Imperialism and World War

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Imperialism and World War

So, all over the world, imperialism led to international friction.

South America was exempt; here, by the Monroe Doctrine, the United States had ranged themselves against any political 'penetration by Europe.

But everywhere else - in Africa, northern, tropical, or southern; in Asia from Mesopotamia to the Far East;' even in Polynesia - clashes of policy and rival ambitions were helping, by the end of the century, to set the stage for the first World War.

Last but not least in all parts of the world where European (and later American) capitalism employed coloured labour, in Africa, Polynesia, India, the Far East, we find the raw material for a line-up Of class forces similar to that of the early Industrial Revolution, but with even greater inequality and with greater possibilities of strife because less of sympathy.

Class and racial cleavages begin to coincide more and more closely.

The outcome is not clear now; it was certainly not clear then.

The Technique of Expansion.

The old device of the Chartered Company was revived during this period.

Between 1880 and 1890 five new companies were founded for general colonial enterprise; the British North Borneo, the Royal Niger, the Imperial British East Africa, the British South Africa, and the African Lakes Company, and in each case the territory exploited by the chartered company 'became in due course a protectorate.

A host of smaller companies were floated for particular ends: planting, shipping, mining and railway making. Trade and the flag marched together.

Imperial Tariff Policy.

Government intervention, or at the least Government influence, was used by all the colonizing powers to back concession-hunters of their nationality; but Great Britain did not, during these years, follow the example of Germany and France and force on her colonies, new and old, a tariff policy designed to benefit home industrialists and shut out the foreigner.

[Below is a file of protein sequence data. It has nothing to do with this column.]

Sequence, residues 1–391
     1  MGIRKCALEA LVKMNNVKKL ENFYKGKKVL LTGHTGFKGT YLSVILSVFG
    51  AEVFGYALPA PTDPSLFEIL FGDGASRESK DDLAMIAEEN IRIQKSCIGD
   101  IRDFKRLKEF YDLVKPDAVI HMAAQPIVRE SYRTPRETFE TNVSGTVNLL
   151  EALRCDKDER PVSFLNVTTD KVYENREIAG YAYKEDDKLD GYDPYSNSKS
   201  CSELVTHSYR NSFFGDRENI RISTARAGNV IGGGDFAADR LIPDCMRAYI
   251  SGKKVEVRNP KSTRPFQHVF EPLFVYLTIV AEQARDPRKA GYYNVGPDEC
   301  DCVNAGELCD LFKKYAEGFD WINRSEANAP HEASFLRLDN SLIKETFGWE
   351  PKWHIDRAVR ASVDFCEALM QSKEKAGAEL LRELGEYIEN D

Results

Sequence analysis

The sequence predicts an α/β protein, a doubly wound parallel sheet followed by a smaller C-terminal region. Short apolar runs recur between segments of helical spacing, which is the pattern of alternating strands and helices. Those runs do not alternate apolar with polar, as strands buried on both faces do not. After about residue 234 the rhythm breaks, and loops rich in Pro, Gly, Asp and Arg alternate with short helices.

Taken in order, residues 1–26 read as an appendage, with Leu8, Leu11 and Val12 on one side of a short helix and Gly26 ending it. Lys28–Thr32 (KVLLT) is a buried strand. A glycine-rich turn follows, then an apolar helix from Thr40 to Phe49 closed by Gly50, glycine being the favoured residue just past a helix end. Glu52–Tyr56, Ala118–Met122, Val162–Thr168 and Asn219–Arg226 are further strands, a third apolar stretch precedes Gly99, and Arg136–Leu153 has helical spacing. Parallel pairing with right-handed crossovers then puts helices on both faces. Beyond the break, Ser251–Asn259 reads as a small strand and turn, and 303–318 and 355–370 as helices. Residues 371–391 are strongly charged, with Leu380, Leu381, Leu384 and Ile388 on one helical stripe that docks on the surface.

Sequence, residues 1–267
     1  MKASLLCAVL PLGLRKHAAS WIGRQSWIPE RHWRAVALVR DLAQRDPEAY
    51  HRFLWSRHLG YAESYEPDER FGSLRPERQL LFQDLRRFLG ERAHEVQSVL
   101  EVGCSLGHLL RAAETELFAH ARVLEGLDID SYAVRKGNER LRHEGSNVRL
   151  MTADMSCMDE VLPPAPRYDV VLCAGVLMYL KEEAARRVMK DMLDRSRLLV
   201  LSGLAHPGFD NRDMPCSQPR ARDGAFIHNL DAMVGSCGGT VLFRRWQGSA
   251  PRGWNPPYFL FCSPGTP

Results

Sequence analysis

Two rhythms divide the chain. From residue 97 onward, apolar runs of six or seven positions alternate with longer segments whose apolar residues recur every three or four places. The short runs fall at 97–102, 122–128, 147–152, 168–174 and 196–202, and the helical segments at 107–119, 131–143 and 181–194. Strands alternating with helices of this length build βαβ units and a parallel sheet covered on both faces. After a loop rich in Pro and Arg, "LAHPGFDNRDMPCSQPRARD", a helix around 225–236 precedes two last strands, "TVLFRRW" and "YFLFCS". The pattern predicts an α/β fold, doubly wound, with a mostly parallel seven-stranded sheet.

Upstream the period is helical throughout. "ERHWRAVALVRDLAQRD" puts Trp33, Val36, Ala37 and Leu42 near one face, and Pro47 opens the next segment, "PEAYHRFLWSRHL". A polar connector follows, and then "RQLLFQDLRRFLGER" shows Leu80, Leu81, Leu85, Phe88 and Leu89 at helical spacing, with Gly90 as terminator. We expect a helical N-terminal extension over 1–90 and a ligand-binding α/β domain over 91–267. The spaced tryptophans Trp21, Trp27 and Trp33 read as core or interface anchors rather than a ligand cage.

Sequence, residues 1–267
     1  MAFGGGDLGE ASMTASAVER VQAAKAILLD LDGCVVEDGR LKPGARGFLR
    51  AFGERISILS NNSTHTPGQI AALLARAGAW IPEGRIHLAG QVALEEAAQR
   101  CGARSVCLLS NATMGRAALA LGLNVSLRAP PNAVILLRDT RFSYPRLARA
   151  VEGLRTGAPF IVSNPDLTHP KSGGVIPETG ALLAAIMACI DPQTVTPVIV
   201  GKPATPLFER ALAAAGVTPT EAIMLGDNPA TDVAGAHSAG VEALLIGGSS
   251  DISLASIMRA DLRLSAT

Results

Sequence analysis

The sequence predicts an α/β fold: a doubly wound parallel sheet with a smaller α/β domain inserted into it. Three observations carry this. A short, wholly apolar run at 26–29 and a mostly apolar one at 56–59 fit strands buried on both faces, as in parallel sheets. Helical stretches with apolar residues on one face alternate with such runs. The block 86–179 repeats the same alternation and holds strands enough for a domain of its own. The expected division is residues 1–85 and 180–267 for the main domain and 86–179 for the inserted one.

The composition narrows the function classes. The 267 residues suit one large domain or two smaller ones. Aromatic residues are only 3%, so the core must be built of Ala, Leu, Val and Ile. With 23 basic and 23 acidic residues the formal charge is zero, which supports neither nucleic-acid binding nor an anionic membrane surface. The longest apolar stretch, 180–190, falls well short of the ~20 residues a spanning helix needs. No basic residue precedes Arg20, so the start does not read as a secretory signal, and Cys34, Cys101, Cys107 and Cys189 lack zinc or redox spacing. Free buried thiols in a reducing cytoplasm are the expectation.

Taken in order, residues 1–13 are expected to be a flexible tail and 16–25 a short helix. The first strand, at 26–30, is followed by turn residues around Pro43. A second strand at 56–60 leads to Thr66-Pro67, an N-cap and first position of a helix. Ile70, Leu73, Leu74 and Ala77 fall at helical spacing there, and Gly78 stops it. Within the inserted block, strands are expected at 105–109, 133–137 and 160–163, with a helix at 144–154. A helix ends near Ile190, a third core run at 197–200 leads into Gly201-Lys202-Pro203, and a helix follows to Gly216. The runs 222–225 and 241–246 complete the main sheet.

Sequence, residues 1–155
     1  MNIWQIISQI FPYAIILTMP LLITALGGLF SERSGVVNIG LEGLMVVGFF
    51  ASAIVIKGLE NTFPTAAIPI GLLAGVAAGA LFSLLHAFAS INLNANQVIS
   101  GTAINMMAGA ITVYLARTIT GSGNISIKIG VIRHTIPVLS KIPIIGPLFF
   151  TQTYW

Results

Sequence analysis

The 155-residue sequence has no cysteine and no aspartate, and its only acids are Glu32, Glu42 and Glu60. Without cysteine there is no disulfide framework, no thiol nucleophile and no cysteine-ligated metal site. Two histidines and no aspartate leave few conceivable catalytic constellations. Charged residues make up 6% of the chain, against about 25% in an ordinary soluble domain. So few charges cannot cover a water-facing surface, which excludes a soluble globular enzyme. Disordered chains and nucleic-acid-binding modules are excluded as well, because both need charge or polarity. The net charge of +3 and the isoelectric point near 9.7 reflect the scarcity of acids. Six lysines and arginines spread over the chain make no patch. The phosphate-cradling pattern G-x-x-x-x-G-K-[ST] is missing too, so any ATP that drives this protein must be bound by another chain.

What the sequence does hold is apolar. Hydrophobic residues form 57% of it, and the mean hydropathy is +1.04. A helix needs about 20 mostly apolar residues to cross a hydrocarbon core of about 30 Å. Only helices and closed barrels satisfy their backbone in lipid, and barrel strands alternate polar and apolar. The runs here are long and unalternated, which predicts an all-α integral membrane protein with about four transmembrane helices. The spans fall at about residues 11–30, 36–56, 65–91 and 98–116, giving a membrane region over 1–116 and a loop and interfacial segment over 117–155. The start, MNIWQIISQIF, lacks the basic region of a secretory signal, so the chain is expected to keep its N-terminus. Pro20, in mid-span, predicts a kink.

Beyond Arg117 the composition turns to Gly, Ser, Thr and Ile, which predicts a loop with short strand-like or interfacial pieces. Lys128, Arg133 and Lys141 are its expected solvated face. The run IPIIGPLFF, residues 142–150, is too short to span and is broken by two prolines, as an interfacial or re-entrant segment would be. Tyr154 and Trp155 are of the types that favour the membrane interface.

Indeed, one of the justifications used during the scramble for Africa was that Great Britain owed it to the world at large, as a duty, to step in ahead of her Protectionist rivals and so keep the doors of trade open to all! The Crown Colonies and Protectorates were all Free Trade areas.

The self-governing colonies - later to be called Dominions - had their fiscal policy in their own hands, Canada claiming and winning fiscal autonomy in 1859 and the rest following suit; and they used their power, one and all, to put up tariffs against both foreign and British goods.

Great Britain had the benefit of a preference, her goods coming in on a lower scale; but even the preferential duties were still formidable enough - considerably stiffer in Canada, for instance, after the tariff of 1897, than in many markets outside the Empire.

This is a state of affairs which has persisted.




More - Opposing Interests Among The Lords.

Political Effects of Imperialism

The political results of this new attitude were important. If people did not, on the whole, care whether a larger or a smaller area of the map were coloured red, they could look on with equanimity at the friendly rivalries of trade (a phrase with a definitely pre-1870 ring); but not otherwise. It was said that trade followed the flag; but the converse was equally true. Now Governments watched with anxiety and mutual ill-will the activities of one another's traders and explorers, and more and more frequently intervened with diplomatic pressure, intrigue and shows of force Laisser-faire was slipping.... see: Political Effects of Imperialism


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